In August 1968, their first album Truth was released; by October it had risen to number 15 on the US albums chart but failed to chart in the UK. The album featured Beck's masterly guitar technique and manipulated sounds as Stewart's dramatic vocalising tackled the group's varied repertoire of blues, folk, rock, and proto-heavy metal. Stewart also co-wrote three of the songs, and credited the record for helping to develop his vocal abilities and the sandpaper quality in his voice. The group toured America again at the end of the year to a strong reception, then suffered from more personnel upheaval (something that would continue throughout Beck's career). In July 1969, Stewart left, following his friend Wood's departure. Stewart later recalled: "It was a great band to sing with but I couldn't take all the aggravation and unfriendliness that developed.... In the two and a half years I was with Beck I never once looked him in the eye – I always looked at his shirt or something like that."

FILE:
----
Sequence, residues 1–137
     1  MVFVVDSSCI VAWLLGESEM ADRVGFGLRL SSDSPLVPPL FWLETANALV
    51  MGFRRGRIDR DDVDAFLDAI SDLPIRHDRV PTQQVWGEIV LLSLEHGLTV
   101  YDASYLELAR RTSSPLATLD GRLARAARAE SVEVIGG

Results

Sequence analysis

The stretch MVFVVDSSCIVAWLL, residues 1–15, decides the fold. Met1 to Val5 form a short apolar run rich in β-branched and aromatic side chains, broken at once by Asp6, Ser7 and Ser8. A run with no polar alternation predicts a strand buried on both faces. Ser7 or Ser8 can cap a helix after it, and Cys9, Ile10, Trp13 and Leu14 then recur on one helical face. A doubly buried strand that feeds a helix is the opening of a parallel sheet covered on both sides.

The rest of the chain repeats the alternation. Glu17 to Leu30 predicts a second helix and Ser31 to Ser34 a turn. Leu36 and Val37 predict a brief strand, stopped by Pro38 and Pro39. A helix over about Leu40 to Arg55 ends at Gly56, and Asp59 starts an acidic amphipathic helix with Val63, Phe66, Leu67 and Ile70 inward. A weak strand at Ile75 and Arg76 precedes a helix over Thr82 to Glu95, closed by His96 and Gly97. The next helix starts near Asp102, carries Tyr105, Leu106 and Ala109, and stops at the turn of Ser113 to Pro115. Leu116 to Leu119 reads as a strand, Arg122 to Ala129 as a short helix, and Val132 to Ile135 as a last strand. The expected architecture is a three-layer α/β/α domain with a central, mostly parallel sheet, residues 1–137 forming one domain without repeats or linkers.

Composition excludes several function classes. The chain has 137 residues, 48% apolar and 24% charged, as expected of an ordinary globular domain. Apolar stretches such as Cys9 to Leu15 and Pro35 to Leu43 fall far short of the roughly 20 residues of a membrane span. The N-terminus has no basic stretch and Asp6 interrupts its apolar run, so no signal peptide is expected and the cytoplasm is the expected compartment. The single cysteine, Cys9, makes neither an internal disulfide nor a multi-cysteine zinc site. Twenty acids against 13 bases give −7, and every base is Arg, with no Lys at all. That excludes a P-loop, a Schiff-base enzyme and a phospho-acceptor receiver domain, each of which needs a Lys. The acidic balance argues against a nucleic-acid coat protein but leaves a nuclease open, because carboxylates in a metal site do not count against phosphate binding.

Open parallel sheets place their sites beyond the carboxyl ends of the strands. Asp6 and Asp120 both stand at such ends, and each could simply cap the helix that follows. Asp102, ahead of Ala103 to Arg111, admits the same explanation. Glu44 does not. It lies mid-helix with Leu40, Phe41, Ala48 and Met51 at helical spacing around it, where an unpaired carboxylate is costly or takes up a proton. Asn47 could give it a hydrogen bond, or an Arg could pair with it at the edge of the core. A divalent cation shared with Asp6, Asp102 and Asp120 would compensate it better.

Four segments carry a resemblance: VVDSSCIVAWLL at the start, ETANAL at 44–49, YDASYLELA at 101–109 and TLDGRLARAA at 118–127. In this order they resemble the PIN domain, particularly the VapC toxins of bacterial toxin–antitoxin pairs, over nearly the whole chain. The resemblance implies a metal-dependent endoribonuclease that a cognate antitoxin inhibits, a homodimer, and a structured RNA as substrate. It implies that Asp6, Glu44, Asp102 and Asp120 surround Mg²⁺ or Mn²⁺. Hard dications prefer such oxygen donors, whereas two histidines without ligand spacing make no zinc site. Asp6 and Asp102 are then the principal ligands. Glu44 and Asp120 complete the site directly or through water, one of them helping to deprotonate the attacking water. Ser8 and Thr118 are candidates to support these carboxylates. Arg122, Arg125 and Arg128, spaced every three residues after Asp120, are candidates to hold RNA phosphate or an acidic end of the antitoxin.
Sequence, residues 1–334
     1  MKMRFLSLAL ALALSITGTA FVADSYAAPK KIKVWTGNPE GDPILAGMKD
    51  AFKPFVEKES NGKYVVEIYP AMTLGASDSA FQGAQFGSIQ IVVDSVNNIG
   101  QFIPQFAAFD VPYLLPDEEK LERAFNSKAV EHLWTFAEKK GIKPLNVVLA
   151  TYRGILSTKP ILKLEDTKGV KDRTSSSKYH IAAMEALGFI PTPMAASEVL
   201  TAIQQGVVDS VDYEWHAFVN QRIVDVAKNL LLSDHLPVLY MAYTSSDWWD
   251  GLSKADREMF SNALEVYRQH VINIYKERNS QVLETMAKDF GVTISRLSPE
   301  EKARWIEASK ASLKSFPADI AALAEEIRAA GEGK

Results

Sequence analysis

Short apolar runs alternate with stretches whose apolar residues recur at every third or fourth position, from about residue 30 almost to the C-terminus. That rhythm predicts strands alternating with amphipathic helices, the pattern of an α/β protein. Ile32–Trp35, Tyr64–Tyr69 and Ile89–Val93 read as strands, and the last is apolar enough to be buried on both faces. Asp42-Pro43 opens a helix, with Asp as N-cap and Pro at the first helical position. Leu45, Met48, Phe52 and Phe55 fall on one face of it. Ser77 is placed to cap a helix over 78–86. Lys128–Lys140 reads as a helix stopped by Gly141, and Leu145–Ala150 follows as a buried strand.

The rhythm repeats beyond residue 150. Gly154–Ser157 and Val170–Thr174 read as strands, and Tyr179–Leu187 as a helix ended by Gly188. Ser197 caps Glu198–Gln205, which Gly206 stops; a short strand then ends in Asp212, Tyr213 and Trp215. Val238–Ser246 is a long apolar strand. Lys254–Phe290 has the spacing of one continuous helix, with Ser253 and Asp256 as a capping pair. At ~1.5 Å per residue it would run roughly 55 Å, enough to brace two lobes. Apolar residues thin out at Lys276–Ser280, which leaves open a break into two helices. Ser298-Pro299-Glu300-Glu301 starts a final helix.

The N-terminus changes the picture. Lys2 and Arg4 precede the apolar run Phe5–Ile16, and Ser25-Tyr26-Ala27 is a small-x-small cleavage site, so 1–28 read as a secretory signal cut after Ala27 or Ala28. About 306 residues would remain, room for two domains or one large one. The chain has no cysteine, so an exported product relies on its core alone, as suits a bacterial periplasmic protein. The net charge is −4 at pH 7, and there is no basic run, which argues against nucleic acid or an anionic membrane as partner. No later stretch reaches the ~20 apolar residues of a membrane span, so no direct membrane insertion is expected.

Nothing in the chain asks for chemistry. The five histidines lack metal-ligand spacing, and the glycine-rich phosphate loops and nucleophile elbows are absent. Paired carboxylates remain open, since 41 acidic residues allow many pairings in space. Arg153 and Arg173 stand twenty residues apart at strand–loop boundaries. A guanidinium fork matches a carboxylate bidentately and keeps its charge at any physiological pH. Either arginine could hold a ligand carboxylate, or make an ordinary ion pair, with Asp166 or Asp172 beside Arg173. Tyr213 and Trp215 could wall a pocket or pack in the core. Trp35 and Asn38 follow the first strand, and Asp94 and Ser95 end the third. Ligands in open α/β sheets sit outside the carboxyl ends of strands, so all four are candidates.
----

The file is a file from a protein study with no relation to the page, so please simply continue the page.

The group's second album, Beck-Ola, was released in June 1969 in the US and September 1969 in the UK, bracketing the time the group was dissolving; it also made number 15 in the US albums chart and placed to number 39 in the UK albums chart. During his time with the group, Stewart initially felt overmatched by Beck's presence, and his style was still developing; but later Stewart felt the two developed a strong musical, if not personal, rapport. Much of Stewart's sense of phrasing was developed during his time with the Jeff Beck Group. Beck sought to form a new supergroup with Carmine Appice and Tim Bogert (of the similarly just-breaking-up Vanilla Fudge) joining him and Stewart, but Stewart had other plans.

1975–1988: Height of fame and critical reaction

On stage in Dublin, 1981